French President François Hollande's suddenly public romantic entanglements have forced some re-arranging of chairs at next week's glittering White House state dinner.
It seems Mr. Hollande won't be bringing either the jilted French first lady or his actress-mistress to the White House.
As befits the formality of ceremonial diplomacy, the official view of hosts President Barack Obama and his wife Michelle is that nothing has happened.
"There are no changes," White House spokesman Jay Carney said after Mr. Hollande's complicated love life became embarrassingly public last month, sending long-time partner Valerie Trierweiler to hospital in shock and revealing that Julie Gayet, just nominated for a French César as best supporting actress, had been the President's lover for two years. Pictures of a helmeted Mr. Hollande riding his motor scooter to Ms. Gayet's flat filled the tabloids.
Mr. Obama "looks forward to seeing President Hollande for the state visit," his spokesman said and declined to answer whether Mr. Hollande had a date for the evening. "On issues of the delegation that the French come with, I would refer you to the French government."
Apparently Mr. Hollande is flying solo but – at least at this stage – that's just Washington gossip. The much-awaited guest list, along with the menu, the entertainment and the wines to be served remain state secrets.
Soon after he arrives Monday, the first stop on Mr. Hollande's three-day visit will be Monticello, the Virginia hilltop home of Thomas Jefferson, the third U.S. president and the then-fledgling nation's most famous envoy to Paris. Visiting Monticello was intended to underscore centuries of close ties between the United States and France. But the Monticello stop has now taken on a certain irony given that it was in Paris that Mr. Jefferson turned Sally Hemings, his 14-year-old slave, into his mistress and fathered at least one of her six children.
Modern tours of Monticello often mention Ms. Hemings' relationship but it may be omitted from Monday's agenda.
State visits – and the highlight dinner – remain "the highest form of recognition," said Erik Goldstein, a professor of international relations at Boston University. "They can signal a new stage in relations or testify to longstanding goodwill." They can also sour relations as Prof. Goldstein has written, citing the infamous visit by former French President Charles de Gaulle to Canada in 1967 when he delivered his "Vive le Québec libre" call from the balcony of Montreal's city hall.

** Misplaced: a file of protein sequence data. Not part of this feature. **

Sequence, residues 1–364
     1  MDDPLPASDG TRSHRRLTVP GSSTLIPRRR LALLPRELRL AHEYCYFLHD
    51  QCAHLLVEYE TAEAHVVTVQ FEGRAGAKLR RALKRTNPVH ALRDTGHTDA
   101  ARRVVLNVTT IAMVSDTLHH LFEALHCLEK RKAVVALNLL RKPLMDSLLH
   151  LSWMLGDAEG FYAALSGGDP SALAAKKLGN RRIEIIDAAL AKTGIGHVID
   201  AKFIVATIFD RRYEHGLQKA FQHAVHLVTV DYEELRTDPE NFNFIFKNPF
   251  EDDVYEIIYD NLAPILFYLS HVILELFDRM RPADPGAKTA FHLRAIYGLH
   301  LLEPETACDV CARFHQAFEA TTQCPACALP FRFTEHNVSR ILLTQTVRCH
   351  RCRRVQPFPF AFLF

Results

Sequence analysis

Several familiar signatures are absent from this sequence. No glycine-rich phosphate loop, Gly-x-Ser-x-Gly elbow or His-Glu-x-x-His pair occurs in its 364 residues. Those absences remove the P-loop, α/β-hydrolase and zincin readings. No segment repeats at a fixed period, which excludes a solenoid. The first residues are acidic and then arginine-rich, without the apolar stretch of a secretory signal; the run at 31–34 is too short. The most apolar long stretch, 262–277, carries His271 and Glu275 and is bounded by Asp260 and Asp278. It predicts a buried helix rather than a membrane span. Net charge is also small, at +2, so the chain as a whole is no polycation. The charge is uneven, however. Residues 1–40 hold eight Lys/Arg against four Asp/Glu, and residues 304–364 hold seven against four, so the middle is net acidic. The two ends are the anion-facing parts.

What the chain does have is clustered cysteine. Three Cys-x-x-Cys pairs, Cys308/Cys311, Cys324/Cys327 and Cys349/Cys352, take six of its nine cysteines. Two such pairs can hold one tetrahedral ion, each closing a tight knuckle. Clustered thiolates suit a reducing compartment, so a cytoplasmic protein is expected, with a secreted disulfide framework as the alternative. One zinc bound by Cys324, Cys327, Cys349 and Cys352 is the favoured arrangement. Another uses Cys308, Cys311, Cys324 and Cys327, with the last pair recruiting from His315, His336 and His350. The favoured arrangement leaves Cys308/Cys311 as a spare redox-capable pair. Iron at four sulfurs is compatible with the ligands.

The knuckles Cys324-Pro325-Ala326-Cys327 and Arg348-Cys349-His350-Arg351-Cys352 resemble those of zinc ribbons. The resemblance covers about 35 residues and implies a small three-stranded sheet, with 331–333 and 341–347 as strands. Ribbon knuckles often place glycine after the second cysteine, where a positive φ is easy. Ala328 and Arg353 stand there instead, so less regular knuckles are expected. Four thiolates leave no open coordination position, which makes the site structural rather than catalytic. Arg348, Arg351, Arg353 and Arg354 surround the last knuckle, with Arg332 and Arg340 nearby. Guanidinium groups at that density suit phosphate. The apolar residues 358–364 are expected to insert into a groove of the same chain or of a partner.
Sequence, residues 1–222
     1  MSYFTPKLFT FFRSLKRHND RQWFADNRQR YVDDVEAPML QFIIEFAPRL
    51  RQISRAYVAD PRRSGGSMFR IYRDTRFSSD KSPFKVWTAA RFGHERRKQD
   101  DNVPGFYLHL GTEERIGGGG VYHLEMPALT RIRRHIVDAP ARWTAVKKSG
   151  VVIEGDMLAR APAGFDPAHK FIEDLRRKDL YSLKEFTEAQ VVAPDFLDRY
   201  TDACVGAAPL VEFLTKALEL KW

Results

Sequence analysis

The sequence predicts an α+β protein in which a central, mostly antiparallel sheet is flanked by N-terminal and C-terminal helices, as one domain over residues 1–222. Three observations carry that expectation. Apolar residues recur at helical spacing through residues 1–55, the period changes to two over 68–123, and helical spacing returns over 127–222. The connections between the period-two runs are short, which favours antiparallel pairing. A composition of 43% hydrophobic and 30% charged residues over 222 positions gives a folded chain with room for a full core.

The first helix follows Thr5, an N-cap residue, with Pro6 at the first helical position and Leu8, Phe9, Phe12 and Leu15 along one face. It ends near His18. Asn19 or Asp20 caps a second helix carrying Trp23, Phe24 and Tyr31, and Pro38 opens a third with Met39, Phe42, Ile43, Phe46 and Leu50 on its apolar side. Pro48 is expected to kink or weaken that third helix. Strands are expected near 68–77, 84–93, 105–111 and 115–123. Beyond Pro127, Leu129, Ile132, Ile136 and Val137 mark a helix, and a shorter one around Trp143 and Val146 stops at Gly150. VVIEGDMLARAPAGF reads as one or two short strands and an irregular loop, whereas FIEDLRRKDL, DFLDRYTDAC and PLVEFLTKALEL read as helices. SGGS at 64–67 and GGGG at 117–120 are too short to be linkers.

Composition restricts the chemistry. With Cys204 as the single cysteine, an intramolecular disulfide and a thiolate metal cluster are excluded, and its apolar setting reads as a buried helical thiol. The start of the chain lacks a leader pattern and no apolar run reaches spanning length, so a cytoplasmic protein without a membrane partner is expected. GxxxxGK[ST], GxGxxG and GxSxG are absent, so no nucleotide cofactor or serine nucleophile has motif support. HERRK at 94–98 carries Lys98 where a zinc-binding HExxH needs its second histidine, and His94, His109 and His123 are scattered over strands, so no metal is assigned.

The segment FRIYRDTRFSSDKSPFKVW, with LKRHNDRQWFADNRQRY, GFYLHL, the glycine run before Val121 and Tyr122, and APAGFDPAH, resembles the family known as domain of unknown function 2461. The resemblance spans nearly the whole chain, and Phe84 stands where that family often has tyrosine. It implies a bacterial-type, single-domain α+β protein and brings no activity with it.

Nothing so dramatic is expected from Mr. Hollande. Yet for all the months of careful planning intended to send just the right message in the nuanced world of foreign relationships, such events have a habit of producing surprises.
The Obama's first state dinner for India's Prime Minister Manmohan Singh was marred by a gate-crashing pair of celebrity pretenders, Tareq and Michaele Salahi, whose penetration of a supposedly ironclad security screen upstaged the occasion.
Two years later, a state dinner for China's President Hu Jintao went slightly sour after brouhaha over whether wines selected for the meal jumped in price after getting a nod from the White House.
Last year, the state dinner planned for Brazil was scrapped after an unprecedented snub from President Dilma Rousseff who cancelled the visit to Washington following revelations that U.S. spies were tapping her conversations.
"There always seems to be a side story," says Anna Gawel, who edits the Washington Diplomat, the magazine that charts the fortunes of Washington's huge diplomatic community. "Mr. Hollande has created an automatic side story in that he is going solo," she added.
The Obamas, like the Bushes before them have shown little interest in the expensive, formal affairs, hosting only six state dinners each. By comparison, in his two terms, Bill Clinton held 23 state dinners. Ronald Reagan had 35.
Meanwhile, the sniping has started about whether the Socialist Mr. Hollande is being snubbed, not by the Obamas but by Republican Speaker John Boehner. Unlike all six previous French presidents afforded the honour of a state dinner, Mr. Hollande wasn't also invited to address a joint session of Congress, as the French press has acidly noted. (The last Canadian prime minister invited to speak to both houses of Congress was Brian Mulroney, a quarter of a century ago.)
Still, Mr. Holland's state visit will break some new ground. It will be the first that social media followers can follow on the White House's Twitter and Facebook. It will also feature – also for the first time – invitees to the formal welcome ceremony Monday on the South Lawn who were chosen from online ballots.
In additional to Monticello on Monday and the White House dinner on Tuesday, the French president will fly to California to launch a new U.S.-French Tech Hub.
(Editor's note: A previous version of this story misspelled Anna Gawel's name, and incorrectly identified the publication she edits. It is called the Washington Diplomat.)